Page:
Through these learning modules you will gain some skill sets and a basic fundamental knowledge about cyber security, so I would highly recommend those. In addition to that, there are some excellent tools procured by the Canadian Centre for Cyber Security that you can access freely and readily online. I would highly recommend those tools. They have guides on what you can easily do this afternoon or tomorrow to protect your business against cyber criminals.

And then, for those of you who want to take it to the next level, you can get in touch with CyberSecure Canada or the Canadian Centre for Cyber Security to initiate the CyberSecure Canada certification process. As part of that, there are no contractual obligations. There are no time limits. There are no parameters set to that relationship. So you can come and go as you please, you can have a conversation with us. Again, we meet with tons of companies every day to learn more about your cyber security needs and to assist you as best we can.

And lastly, the last, the last tool I would, I would provide here and again so in the event that you go through a cyber attack or know of a company that goes through a cyber attack, please reach out to the RCMP Anti-Fraud Centre and they will assist you immediately. They have excellent staff that are available 24 hours a day and they are there to assist you with all of your cyber security needs. In the event that you go through a cyber attack.

So maybe I'll leave it at that, but rest assured, hopefully I've provided confidence following some of those statistics. But there are tons of folks here to support you with your cyber security and tons of resources that are here to help you.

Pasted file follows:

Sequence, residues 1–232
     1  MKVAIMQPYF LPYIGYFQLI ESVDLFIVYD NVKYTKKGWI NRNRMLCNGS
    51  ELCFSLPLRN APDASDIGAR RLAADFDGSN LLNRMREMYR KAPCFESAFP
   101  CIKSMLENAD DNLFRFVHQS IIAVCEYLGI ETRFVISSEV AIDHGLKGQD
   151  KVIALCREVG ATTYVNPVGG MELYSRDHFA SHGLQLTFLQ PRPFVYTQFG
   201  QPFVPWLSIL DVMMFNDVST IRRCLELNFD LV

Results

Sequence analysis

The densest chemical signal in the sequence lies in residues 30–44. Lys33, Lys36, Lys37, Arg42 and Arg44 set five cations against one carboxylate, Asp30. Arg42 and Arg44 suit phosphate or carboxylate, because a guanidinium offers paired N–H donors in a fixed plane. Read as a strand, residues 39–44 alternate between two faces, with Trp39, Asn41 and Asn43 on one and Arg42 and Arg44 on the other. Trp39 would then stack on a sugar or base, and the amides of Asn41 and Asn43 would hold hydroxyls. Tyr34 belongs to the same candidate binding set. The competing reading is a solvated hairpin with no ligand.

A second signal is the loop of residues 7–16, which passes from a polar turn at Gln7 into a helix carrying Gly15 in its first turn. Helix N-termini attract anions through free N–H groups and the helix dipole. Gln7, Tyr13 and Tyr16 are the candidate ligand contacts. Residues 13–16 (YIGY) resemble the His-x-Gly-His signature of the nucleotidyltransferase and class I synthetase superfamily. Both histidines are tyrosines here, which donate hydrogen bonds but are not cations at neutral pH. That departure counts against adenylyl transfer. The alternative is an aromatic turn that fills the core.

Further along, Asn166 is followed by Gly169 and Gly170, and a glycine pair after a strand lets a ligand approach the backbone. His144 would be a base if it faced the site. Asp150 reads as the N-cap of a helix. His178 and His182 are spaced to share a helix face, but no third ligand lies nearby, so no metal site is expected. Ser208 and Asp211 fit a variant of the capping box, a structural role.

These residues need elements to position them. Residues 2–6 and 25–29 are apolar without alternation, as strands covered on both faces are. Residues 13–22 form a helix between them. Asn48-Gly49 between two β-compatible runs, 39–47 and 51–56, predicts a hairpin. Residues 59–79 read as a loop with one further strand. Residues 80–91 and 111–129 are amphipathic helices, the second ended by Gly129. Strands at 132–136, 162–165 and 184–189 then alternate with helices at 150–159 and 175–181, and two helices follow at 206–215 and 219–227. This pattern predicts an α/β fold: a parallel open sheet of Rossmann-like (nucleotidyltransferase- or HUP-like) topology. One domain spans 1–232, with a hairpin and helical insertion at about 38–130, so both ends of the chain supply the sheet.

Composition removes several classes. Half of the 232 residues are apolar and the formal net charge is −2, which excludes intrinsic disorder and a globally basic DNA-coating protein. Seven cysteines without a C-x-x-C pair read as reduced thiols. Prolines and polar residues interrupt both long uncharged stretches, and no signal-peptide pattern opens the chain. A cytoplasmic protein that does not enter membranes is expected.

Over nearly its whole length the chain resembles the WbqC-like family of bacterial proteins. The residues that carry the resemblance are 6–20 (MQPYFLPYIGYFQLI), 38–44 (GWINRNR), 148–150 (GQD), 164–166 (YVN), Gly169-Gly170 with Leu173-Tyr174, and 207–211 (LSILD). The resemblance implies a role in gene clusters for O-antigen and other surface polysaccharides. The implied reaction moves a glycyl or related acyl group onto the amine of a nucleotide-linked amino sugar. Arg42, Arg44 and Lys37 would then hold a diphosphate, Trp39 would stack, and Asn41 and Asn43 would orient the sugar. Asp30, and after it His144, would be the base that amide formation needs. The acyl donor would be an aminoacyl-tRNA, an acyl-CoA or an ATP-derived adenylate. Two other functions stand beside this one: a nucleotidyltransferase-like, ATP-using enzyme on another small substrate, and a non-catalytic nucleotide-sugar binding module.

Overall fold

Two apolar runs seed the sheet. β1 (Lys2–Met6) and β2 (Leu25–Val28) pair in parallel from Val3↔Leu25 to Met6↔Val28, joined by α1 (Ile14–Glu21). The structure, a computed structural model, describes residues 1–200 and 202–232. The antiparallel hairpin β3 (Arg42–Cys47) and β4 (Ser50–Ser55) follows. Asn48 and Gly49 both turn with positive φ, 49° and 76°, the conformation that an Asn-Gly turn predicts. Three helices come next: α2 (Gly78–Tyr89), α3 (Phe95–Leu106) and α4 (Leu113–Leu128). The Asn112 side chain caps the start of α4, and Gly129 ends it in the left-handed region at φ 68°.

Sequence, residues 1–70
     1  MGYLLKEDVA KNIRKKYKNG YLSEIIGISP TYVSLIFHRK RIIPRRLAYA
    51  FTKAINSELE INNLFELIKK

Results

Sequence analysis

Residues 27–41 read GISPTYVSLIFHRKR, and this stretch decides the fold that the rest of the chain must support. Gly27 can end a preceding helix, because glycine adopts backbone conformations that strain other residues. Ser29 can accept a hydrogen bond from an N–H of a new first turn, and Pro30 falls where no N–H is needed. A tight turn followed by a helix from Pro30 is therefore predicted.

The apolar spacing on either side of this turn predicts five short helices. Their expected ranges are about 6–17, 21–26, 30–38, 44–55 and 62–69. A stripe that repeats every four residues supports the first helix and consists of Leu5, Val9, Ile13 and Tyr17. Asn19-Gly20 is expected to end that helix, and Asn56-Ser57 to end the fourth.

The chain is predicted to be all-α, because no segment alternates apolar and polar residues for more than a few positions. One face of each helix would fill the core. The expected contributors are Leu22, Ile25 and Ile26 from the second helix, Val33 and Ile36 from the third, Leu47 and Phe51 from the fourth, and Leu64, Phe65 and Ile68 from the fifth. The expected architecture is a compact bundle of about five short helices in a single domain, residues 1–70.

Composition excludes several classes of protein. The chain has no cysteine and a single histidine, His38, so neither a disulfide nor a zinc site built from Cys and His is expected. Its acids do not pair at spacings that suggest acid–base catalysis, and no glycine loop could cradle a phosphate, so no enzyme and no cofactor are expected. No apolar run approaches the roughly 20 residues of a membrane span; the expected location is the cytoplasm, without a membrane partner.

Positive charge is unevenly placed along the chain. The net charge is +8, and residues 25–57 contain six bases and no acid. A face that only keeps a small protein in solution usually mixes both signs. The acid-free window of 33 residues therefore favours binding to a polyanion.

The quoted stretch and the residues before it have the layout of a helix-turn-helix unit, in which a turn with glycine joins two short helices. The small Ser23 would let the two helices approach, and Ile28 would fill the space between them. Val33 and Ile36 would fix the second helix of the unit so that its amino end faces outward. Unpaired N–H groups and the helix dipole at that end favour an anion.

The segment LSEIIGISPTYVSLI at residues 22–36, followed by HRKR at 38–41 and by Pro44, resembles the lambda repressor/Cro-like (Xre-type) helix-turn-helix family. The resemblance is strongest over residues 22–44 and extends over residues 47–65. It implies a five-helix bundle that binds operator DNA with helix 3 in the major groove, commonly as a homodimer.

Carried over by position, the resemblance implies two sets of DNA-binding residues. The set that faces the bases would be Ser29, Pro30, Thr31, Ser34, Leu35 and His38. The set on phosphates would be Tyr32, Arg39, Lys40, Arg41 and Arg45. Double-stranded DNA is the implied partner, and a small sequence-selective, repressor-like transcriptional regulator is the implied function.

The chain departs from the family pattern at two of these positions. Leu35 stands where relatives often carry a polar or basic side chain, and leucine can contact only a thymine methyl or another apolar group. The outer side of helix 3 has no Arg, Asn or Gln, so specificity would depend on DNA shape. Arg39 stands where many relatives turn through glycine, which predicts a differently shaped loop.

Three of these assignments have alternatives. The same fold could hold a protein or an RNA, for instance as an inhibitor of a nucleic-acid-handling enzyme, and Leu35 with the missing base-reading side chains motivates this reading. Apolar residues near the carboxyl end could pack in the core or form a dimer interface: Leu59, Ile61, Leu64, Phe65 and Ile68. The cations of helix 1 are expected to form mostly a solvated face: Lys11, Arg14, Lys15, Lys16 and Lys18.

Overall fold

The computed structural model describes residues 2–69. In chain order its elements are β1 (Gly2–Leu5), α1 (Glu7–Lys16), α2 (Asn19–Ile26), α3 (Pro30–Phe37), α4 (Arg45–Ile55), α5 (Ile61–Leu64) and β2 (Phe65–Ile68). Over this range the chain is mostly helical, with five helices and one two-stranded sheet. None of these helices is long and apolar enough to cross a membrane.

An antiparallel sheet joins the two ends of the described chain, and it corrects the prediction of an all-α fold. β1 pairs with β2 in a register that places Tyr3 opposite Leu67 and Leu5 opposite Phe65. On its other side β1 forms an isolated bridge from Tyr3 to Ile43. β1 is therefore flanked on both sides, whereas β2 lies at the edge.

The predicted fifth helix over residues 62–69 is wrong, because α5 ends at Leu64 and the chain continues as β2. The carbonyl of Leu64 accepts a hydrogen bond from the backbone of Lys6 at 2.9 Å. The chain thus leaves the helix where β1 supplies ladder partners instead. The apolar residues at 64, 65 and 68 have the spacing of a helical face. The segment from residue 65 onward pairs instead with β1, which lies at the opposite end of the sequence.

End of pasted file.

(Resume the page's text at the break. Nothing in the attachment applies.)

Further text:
LD: Thank you, Nigel. Incredibly appreciated that you help us help inventors, creators and businesses who have already realized their dream to commercialize their ideas. Thank you for helping them and us protect their intangible assets. It's been a real pleasure. Thank you, Nigel.

NR: Absolutely, thank you.

LD: You've listened to Canadian IP Voices where we talk intellectual property. In this episode, Nigel Russell, who is a policy analyst and CyberSecure Canada advisor at CyberSecure Canada, explained how important it is for Canadian firms to learn about ways to remain cyber smart and limit the risk of becoming a victim of a cyber attack. Take the first step and learn about ways to protect your online intellectual property assets by visiting Canada.ca/cybersecure, where you will find access to free e-learning modules, online self-assessment and access to auditors, experts and so on, on cyber security.